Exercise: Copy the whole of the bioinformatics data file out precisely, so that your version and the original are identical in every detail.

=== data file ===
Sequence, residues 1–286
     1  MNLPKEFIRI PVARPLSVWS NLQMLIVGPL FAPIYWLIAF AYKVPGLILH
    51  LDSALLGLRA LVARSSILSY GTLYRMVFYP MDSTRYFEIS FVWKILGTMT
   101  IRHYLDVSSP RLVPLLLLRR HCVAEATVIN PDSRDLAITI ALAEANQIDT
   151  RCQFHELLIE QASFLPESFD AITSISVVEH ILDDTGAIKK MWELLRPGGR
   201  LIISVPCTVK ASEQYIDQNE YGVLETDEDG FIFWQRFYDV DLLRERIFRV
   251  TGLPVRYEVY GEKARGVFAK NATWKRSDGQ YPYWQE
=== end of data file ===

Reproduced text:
Sequence, residues 1–286
     1  MNLPKEFIRI PVARPLSVWS NLQMLIVGPL FAPIYWLIAF AYKVPGLILH
    51  LDSALLGLRA LVARSSILSY GTLYRMVFYP MDSTRYFEIS FVWKILGTMT
   101  IRHYLDVSSP RLVPLLLLRR HCVAEATVIN PDSRDLAITI ALAEANQIDT
   151  RCQFHELLIE QASFLPESFD AITSISVVEH ILDDTGAIKK MWELLRPGGR
   201  LIISVPCTVK ASEQYIDQNE YGVLETDEDG FIFWQRFYDV DLLRERIFRV
   251  TGLPVRYEVY GEKARGVFAK NATWKRSDGQ YPYWQE